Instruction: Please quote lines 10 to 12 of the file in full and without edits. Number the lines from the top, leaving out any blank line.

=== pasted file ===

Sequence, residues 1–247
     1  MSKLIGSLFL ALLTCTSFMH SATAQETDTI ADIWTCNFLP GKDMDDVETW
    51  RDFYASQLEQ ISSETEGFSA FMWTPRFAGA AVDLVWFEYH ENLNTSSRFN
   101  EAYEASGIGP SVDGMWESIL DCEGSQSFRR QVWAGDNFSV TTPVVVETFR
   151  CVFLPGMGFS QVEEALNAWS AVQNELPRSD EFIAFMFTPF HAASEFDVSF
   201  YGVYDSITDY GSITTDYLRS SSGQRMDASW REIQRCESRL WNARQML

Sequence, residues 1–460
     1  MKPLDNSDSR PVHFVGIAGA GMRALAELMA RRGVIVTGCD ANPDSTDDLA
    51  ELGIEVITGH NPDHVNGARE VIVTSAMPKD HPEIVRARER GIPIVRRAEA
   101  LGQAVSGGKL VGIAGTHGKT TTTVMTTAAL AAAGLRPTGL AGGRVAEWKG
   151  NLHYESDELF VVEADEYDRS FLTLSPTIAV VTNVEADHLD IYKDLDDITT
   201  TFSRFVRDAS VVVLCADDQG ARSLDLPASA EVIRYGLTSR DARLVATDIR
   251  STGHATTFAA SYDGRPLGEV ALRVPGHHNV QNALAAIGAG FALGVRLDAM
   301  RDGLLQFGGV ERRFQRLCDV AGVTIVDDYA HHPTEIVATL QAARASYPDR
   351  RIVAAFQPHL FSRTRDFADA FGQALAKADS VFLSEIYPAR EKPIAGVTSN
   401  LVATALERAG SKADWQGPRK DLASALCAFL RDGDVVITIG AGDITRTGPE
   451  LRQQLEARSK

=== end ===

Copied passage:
   101  LGQAVSGGKL VGIAGTHGKT TTTVMTTAAL AAAGLRPTGL AGGRVAEWKG
   151  NLHYESDELF VVEADEYDRS FLTLSPTIAV VTNVEADHLD IYKDLDDITT
   201  TFSRFVRDAS VVVLCADDQG ARSLDLPASA EVIRYGLTSR DARLVATDIR